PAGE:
U.S. teen will visit Kim Jong-Il to pitch DMZ “peace forest”

File this under "wonderfully weird": A Korean-American teenager will fly to Pyongyang this week so that he can ask Kim Jong-Il whether he’d consider planting a forest in North Korea’s backyard — and by "backyard," of course, we mean the 2.5-mile-wide demilitarized zone that happens to be filled with over a million landmines. From the ...

Chung Sung-Jun/Getty Images
Chung Sung-Jun/Getty Images
Chung Sung-Jun/Getty Images

File this under "wonderfully weird": A Korean-American teenager will fly to Pyongyang this week so that he can ask Kim Jong-Il whether he'd consider planting a forest in North Korea's backyard -- and by "backyard," of course, we mean the 2.5-mile-wide demilitarized zone that happens to be filled with over a million landmines. From the AP:

Jonathan Lee, who was born in South Korea and lives in the U.S. state of Mississippi, is scheduled to fly to Pyongyang on Thursday from Beijing with his parents, the family told The Associated Press. They said North Korean officials in Beijing gave them visas Wednesday night.

Jonathan said he expects to meet with North Korean officials and will propose the children's peace forest, 'one in which fruit and chestnut trees would be planted and where children can play.'

File this under "wonderfully weird": A Korean-American teenager will fly to Pyongyang this week so that he can ask Kim Jong-Il whether he’d consider planting a forest in North Korea’s backyard — and by "backyard," of course, we mean the 2.5-mile-wide demilitarized zone that happens to be filled with over a million landmines. From the AP:

Jonathan Lee, who was born in South Korea and lives in the U.S. state of Mississippi, is scheduled to fly to Pyongyang on Thursday from Beijing with his parents, the family told The Associated Press. They said North Korean officials in Beijing gave them visas Wednesday night.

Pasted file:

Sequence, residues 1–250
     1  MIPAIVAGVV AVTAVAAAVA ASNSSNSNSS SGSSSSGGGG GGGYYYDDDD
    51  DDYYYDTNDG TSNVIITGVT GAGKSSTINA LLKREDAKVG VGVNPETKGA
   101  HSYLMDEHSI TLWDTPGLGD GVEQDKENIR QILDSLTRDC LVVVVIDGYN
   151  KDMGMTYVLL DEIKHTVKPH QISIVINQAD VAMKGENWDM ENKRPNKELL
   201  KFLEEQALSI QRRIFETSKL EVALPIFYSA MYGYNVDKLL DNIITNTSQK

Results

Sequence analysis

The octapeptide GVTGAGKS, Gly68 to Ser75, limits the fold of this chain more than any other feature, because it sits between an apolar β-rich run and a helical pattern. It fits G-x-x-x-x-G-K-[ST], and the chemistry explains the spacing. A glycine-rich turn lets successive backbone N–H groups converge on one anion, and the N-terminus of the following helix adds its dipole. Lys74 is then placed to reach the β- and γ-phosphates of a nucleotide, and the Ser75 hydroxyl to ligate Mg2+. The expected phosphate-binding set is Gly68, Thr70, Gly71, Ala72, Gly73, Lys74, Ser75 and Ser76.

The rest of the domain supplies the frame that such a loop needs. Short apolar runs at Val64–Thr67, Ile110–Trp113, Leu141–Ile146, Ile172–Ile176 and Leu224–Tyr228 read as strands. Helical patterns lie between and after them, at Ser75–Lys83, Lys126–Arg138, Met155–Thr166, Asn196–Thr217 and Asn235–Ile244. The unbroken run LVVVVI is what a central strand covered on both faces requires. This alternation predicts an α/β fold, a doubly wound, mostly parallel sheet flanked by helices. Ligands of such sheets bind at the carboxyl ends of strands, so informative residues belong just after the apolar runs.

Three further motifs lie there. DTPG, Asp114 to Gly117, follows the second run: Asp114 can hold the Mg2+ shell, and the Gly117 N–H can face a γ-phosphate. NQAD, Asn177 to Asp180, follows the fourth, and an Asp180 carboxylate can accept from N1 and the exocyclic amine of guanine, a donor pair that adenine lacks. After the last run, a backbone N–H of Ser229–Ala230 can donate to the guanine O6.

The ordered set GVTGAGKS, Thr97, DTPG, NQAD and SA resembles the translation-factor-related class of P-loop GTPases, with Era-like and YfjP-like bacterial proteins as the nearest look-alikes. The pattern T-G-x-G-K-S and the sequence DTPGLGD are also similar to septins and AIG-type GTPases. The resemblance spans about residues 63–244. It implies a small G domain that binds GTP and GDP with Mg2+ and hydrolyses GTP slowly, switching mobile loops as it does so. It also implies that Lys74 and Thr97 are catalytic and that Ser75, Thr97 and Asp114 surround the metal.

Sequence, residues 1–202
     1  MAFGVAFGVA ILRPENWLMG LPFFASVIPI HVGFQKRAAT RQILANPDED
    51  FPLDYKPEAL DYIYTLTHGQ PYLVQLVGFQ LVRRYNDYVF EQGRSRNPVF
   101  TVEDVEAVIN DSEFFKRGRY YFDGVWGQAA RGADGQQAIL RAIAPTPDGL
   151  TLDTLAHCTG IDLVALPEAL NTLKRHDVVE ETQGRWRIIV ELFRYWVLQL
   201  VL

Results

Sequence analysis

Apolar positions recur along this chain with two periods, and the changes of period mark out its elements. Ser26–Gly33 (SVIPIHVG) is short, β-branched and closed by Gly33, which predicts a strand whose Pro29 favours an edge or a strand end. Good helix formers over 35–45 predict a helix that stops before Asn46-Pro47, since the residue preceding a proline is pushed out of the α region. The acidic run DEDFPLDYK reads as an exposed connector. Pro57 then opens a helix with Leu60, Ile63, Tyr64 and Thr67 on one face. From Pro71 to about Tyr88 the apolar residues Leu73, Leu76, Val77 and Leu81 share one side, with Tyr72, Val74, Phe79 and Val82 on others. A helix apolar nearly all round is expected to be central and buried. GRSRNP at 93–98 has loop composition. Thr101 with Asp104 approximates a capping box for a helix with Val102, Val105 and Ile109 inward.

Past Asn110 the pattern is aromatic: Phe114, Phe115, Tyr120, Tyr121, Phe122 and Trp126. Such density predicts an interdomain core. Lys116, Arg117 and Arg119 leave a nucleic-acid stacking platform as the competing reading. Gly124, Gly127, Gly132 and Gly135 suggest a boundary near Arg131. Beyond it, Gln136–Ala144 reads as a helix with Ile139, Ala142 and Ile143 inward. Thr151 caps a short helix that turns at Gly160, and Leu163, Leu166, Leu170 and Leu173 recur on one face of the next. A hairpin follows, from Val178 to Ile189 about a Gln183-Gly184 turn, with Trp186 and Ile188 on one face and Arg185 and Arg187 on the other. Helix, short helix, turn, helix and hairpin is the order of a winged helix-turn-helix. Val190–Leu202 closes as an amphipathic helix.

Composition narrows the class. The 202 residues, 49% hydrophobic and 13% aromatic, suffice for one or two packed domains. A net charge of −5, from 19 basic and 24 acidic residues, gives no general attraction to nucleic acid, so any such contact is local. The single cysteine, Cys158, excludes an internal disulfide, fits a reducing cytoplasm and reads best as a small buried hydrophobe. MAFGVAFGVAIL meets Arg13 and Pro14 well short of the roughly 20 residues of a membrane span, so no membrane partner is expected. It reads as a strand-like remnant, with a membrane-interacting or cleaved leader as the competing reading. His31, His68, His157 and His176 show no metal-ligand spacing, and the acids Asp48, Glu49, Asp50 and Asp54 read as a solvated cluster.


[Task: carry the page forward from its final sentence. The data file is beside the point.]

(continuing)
Jonathan said he expects to meet with North Korean officials and will propose the children’s peace forest, ‘one in which fruit and chestnut trees would be planted and where children can play.’

Before you laugh, consider this: since the Korean armistice, nature has all but reclaimed the DMZ. The area is now filled with thousands of rare plants and animals, even as stone-eyed guards on either side of the preserve continue to glare at one another. Could adding a few more trees between them really be so hard? (Then again, one might wonder how symbolic those trees would seem when set against the backdrop of … uh, other trees. But I digress.) Jonathan’s even got an ally in Ted Turner, the media mogul who in 2005 called for turning the DMZ into a peace park and a U.N. World Heritage Site. While the idea of children frolicking in no-man’s land sounds a little far-fetched — think of the bears and wildcats if landmines don’t do it for you — the DMZ could always use a little more love.

The only irony is that should the Korean war ever become hot again, Jonathan’s peace forest would likely be the first thing to go.

Brian Fung is an editorial researcher at FP.

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